What are the rules on "illegal substances" if ...

Discussion in 'Dieting / Supplement Discussion' started by knight, Jul 18, 2010.

  1. knight

    knight Purple Belt

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    you have to take it for legit medical reasons?

    I'm a mod on frankshamrock.com and a while back we had a discussion about steroids, HGH, etc. A fellow mod's dad wanted to fight MMA and he takes HGH for medical reasons.

    The following is cut and pasted from the discussion:

    Fellow mod:" My Father in Law has real low Test and has to take it. Should he not be allowed to fight cause of that?"

    Me:"That is a good point. I guess it depends on the reason, your dad needs it for medical reasons and has a doctor's pass for it. Blood doping (injecting donor red bloodcells) is illegal in competition yet if you have chronic PRCA and need a bloodtransfusion every two weeks its' not illegal. I've heard rumors that hyperbaria probably is getting banned in the future however if you have an auto immune disease called "myasthenia gravis" you need it and have a free pass. I don't know the exact rules of the commission but if he wants to fight he should get himself well informed and get it on paper signed and all. When Sylvester Stallone was caught in Australia when he was promoting Rambo with HGH they called it "illegal substances" so you never know."

    What are the facts (and of course your opinions:icon_chee) on this subject?
     
  2. XTrainer

    XTrainer Red Belt

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    Not sure I understand the question. Are you asking what are different leagues' (UFC, Strikeforce, etc.) rules are on the matter? Pretty sure you have the wrong forum here.
     
    Last edited: Jul 18, 2010
  3. xilliun

    xilliun Brown Belt

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    If you have medical reasoning with evidence to support the claim from a doctor as to why they're using the medication, it should be allowed i'd imagine. If he starts MMA training he can always just ask his trainer if it's allowed or not, they'd have a better understanding of the local rules.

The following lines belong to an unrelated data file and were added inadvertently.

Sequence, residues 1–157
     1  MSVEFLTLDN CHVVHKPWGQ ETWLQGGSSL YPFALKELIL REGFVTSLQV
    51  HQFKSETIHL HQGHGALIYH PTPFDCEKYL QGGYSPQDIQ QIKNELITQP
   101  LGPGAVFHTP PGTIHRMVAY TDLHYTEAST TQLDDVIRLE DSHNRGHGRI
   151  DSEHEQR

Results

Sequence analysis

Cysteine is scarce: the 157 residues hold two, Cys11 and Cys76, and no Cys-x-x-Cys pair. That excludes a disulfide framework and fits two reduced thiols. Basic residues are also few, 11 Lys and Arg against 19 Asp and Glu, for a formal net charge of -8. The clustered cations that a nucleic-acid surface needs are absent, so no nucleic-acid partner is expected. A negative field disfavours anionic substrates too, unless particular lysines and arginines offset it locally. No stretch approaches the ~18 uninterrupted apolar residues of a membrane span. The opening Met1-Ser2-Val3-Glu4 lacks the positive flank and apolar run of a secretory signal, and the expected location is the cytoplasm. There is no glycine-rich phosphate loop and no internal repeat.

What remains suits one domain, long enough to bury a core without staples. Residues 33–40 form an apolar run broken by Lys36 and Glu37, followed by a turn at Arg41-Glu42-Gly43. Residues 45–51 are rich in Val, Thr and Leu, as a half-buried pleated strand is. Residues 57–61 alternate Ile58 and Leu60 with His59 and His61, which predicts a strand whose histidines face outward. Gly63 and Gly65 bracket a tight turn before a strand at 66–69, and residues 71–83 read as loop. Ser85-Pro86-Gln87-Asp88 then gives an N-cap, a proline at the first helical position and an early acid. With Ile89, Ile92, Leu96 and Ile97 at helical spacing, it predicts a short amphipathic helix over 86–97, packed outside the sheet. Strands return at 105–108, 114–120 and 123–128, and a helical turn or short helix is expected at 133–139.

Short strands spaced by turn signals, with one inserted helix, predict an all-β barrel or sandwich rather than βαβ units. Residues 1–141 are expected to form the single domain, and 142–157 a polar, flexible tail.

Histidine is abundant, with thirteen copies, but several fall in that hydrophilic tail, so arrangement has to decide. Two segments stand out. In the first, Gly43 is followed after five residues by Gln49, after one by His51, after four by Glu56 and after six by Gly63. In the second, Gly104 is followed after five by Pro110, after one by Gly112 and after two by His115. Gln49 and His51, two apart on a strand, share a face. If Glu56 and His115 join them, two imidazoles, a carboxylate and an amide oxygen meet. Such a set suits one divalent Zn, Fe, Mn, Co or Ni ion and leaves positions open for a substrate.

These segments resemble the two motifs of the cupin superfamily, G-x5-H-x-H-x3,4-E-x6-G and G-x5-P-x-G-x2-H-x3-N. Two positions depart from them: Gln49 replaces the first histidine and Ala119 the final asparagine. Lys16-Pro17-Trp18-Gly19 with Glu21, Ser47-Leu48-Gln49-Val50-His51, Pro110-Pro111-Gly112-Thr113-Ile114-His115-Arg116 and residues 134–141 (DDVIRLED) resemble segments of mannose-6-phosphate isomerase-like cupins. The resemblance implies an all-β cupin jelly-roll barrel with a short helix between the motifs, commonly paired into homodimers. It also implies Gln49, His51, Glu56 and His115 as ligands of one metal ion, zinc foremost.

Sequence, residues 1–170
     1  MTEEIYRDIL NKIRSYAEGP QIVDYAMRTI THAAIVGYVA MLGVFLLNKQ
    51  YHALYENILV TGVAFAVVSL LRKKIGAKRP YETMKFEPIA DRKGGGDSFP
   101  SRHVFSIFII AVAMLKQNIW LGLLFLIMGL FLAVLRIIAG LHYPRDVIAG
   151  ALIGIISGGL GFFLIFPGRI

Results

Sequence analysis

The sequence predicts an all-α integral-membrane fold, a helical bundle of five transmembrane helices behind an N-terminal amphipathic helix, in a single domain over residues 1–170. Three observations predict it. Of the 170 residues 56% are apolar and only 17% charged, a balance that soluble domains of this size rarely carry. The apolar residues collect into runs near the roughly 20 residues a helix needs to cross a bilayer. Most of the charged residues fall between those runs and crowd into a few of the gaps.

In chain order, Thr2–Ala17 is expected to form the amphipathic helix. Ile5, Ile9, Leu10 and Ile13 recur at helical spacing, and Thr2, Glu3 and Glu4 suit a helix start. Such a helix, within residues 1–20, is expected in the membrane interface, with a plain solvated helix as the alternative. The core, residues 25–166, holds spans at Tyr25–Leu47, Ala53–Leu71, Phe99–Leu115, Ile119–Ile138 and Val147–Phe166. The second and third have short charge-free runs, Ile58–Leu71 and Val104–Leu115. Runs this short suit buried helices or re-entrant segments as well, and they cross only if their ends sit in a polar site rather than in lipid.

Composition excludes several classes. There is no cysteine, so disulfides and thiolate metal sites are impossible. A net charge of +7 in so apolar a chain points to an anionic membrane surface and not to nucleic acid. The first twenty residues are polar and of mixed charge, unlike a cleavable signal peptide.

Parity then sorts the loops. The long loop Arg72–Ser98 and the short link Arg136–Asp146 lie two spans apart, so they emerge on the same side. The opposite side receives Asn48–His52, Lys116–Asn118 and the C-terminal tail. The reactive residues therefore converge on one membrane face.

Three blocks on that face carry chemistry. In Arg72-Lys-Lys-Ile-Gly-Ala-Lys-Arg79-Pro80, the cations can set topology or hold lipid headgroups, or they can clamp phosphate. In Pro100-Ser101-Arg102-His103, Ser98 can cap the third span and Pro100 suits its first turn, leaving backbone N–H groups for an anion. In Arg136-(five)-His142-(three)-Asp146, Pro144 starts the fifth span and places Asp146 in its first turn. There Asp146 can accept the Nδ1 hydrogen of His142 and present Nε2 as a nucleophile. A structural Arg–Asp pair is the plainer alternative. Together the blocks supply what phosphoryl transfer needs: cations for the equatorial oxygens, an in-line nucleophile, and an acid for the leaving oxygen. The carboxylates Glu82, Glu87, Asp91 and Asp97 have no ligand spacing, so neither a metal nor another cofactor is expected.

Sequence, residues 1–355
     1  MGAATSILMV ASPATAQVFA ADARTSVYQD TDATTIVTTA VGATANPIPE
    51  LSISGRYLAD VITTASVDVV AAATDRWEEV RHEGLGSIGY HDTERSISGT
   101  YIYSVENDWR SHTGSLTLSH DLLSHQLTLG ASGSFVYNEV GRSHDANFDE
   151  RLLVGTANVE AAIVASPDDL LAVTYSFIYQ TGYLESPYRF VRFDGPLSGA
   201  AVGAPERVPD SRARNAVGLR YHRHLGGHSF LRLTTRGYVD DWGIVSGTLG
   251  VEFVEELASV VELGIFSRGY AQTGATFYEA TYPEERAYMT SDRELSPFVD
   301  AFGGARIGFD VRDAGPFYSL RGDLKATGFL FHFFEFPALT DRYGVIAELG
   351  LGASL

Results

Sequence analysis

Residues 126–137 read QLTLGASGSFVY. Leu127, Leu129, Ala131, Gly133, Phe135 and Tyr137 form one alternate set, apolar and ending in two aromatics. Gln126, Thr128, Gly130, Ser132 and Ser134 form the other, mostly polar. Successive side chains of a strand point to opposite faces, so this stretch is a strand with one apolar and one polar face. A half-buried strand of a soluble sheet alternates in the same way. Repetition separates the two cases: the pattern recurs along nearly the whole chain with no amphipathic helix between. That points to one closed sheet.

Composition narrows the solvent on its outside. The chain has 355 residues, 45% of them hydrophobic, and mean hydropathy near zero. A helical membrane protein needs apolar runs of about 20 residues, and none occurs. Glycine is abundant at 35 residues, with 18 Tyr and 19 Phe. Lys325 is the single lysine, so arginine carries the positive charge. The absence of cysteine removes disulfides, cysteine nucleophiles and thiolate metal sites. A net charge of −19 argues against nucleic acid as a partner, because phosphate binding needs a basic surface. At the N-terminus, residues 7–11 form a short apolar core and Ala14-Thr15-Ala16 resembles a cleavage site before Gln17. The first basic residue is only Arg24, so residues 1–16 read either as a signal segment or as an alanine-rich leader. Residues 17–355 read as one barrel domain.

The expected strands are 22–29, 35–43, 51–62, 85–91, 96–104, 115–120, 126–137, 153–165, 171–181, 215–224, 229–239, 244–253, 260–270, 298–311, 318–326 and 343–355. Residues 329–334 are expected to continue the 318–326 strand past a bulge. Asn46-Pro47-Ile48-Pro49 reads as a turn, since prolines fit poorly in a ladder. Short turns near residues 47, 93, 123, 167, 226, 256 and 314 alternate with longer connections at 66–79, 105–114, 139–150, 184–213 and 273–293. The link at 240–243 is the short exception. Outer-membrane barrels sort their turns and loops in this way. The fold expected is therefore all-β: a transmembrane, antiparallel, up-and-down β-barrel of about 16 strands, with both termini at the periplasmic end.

4. pliftkl

    pliftkl Green Belt

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    There are generally accepted normal ranges for testosterone in the body. If you are taking HRT and your testosterone levels are in the normal range, then it shouldn't be an issue. If you are taking HRT at age 45 and your testosterone levels are twice the normal range of someone half your age, then you aren't doing HRT anymore.

    Doctor's note or recommendation is really irrelevant. Anyone over 30 can get themselves a "doctor's recommendation" for HRT with little or no effort. There are HRT clinics that specialize this, and they aren't particularly picky about whether you have the symptoms to get the treatment that you are willing to pay for.
     
  5. MuyThaiFighter

    MuyThaiFighter Orange Belt

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    There is no "standard" measure for low test. What one doc considers low test, another would not. I'm guessing if guys can't take things such as Ritalin to treat ADHD and still fight in the UFC, they wouldn't be able to take supplemental testosterone even if by prescription. Anyone can find a doctor that will prescribe them test. I would think they would fall under performance enhancing drugs.

    That being said, I have talked to an "anti-aging" doctor and he told me bioidentical hormones would not show up on a drug test. No idea if that's true or not. But...I don't think bioidentical hormones would provide a significant performance advantage.
     
  6. Pipistrello

    Pipistrello Banned Banned

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    godammit shamrock i thought you said you stopped taking that shit.
     
  7. onezendad

    onezendad Blue Belt

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    If you legitimately have to take HGH to live, you should probably look at other activities than starting to fight MMA.
     
  8. TMMAray

    TMMAray Blue Belt

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    A couple things to address:

    1. To the specific situation mentioned, it's sort of a non-issue, because HGH is not detected by urinalysis, so unless he was actually caught taking it by the commission (as in they saw him do it), it ought not to come up.